MNRE

Ministry of New and Renewable Energy

MoUD

Ministry of Urban Development

MTEE

Market Transformation for Energy Efficiency

MW

Megawatt

NAPCC

National Action Plan on Climate Change

NBC

National Building Code

NGO

Non-Governmental Organisation

NIUA

National Institute of Urban Affairs

NREGS

National Rural Employment Generation Scheme

NUSP

National Urban Sanitation Policy

PACS

Performance Appraisal Certification Scheme

PPP

PublicPrivate Partnership

PV

Photovoltaic (solar panels)

RIDF

Rural Infrastructure Development Fund

SEEP

Super Energy Efficient Program

TERI

The Energy and Resources Institute

UIDSSMT

Urban Infrastructure Development Scheme for Small and Medium Towns

VSBK

Vertical Shaft Brick Kiln

WGBC

World Green Building Council

Green building: case study iii

Executive summary

Introduction

The scale of urban expansion in India is and will continue to be enormous, driven by economic and

population growth. The construction and use of buildings, driven by rapid urban expansion, is likely to impose tremendous pressures on the natural environment. Today’s infrastructure investments will play

a critical role in determining future resource intensity and affect India’s ability to decouple resource consumption from economic growth. Urbanisation in India is less advanced than in many other countries, which presents an opportunity to avoid being locked into energy- and resource-intensive infrastructure. The promotion of green buildings, which has already begun in India, offers one way to achieve this.

The German Institute for International Development (GIZ) in India commissioned a study from the Overseas Development Institute (ODI) in collaboration with Development Alternatives in order to gain a better understanding of India’s construction sector and the incentives for private-sector investment in green buildings. The aim was to make policy recommendations to enhance the incentives for a stronger, private-sector-led ‘green’ construction sector in India. The study would also draw on lessons from other countries about policies that foster green buildings.

Why green buildings?

A green building is a sustainable building that has minimal impacts on the environment throughout its life. For the purposes of this report ‘green building’ is understood to mean construction that makes efficient use of energy and resources in every aspect. This includes the production of building materials, and the design, use and eventual demolition of a building in any sector (commercial, residential, industrial, public buildings) and at all stages, from new buildings to ‘retrofitting’ or adapting existing ones.

The construction sector, which accounts for 10% of global GDP, has direct and indirect impacts on the environment. It produces 23% of global greenhouse gas (GHG) emissions, and buildings are responsible for between 30% and 40% of all material flows. Adopting green building practices would significantly reduce these environmental and resource impacts.

The life-cycle impact is predominantly in the energy consumed to heat, light and cool a building while

it is in use. Over its lifetime, the embodied energy of building materials generally has a smaller impact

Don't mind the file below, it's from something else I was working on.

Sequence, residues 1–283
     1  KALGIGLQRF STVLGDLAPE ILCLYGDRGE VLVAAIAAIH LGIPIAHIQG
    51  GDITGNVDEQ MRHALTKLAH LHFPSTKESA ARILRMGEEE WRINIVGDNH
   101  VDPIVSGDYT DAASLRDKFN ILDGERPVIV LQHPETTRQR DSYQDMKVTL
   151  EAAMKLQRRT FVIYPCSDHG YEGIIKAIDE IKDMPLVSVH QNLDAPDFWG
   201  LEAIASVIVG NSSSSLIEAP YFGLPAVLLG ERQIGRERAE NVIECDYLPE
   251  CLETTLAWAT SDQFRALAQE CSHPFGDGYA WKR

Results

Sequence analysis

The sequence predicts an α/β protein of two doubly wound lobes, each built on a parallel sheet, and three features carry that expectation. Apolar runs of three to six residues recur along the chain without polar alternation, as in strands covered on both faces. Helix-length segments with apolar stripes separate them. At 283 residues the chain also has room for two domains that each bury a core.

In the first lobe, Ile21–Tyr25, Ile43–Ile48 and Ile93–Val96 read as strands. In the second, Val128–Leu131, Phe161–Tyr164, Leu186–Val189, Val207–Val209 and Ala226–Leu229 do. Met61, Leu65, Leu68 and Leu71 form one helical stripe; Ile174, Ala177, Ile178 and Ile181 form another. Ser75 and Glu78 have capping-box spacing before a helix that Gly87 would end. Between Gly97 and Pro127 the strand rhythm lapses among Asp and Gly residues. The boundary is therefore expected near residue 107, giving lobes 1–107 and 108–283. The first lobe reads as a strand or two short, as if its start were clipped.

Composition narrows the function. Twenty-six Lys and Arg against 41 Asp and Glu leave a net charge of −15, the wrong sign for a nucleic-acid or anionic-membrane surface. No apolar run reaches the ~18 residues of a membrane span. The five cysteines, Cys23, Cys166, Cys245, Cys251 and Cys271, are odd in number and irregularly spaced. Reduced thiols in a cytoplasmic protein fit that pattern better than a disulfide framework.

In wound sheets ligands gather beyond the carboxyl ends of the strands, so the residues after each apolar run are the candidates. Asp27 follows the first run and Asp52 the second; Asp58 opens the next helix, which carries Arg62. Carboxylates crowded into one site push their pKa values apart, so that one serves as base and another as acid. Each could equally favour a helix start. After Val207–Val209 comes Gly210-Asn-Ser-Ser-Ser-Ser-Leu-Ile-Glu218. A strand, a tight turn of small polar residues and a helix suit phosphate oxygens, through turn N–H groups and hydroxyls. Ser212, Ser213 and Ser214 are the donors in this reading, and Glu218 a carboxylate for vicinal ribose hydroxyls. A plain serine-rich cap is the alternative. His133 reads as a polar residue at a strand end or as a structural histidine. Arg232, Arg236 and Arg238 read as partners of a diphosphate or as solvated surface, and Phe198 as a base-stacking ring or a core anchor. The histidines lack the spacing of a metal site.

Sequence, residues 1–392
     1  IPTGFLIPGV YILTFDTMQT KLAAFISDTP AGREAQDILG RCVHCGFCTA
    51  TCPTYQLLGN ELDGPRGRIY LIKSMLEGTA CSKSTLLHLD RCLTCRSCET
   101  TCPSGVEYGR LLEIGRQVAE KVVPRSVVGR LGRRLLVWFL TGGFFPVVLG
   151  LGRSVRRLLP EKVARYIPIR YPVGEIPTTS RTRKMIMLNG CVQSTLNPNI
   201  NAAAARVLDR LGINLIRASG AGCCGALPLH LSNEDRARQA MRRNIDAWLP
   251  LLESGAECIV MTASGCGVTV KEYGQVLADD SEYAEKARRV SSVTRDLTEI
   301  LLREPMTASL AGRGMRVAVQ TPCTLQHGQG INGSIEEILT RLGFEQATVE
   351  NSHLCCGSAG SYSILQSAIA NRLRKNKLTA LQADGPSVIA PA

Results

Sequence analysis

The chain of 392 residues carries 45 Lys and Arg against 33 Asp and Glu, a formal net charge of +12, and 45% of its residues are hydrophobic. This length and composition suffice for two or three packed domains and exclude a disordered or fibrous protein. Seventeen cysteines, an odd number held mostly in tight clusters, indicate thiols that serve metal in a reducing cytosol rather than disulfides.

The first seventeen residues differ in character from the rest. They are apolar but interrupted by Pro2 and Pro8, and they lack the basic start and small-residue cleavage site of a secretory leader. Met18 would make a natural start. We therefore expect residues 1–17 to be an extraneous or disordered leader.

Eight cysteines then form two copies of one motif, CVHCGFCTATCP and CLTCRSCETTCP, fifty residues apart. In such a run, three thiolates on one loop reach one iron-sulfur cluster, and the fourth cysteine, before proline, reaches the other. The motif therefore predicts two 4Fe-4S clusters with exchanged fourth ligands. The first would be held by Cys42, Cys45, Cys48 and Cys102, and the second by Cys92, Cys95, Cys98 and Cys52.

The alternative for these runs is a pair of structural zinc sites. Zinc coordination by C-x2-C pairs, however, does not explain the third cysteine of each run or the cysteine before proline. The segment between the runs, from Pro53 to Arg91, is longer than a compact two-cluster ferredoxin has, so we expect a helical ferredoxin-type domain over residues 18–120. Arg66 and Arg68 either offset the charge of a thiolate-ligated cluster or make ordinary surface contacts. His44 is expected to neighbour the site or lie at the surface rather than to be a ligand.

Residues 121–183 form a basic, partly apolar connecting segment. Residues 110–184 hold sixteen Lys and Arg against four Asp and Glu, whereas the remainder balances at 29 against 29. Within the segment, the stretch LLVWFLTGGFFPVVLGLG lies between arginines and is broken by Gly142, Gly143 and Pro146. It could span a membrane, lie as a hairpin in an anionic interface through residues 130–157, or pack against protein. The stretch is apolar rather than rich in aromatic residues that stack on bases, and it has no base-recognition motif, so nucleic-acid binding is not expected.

on the climate. According to the US Green Building Council, the cost and amount of energy required to construct an energy-efficient office building is comparable to that of a traditionally designed structure, but there is a significant difference in operating costs.

Green buildings have other benefits besides the obvious environmental ones. The structures are more comfortable, and people working in them become more productive, which adds to the overall economic gains. The asset values and rents of green buildings tend to be higher than for conventional structures.

In most countries the private sector is responsible for much of the construction industry, including building development, management and the supply of appliances and energy. The private sector thus has a vital role in both financing and producing green construction and creating a market. The private sector can also help to promote positive change in green building councils and industry bodies.

Green building: case study iv

Drivers of green buildings market development

The extent to which the green buildings market will grow is determined in large part by the economic incentives facing developers and property purchasers. Construction companies and property developers will respond to the level of demand for green buildings and the price that property purchasers are willing to pay. As we have seen, green buildings cost more upfront, but save money in the longer term. Thus the scale of the savings should by itself create growing demand for green buildings, if the property purchasers themselves reap the benefits of the energy savings, and if they are aware of the potential savings. The extent of the savings, and thus the exact payoff period, will depend very much on the policy context. Factors like fossil fuel subsidies will reduce the savings made by green buildings, and the regulatory framework and any fiscal incentives will determine the costs and benefits of alternative sources of renewable energy.

Even when there are clear savings to be made, the growth in demand for green buildings can be hampered of lack of awareness of the longer term cost savings, short termism on the part of property buyers, limited access to finance for investment in the upfront costs associated with green buildings, and situations where those who pay the energy bills are not those who purchase the property (in the case of rented property).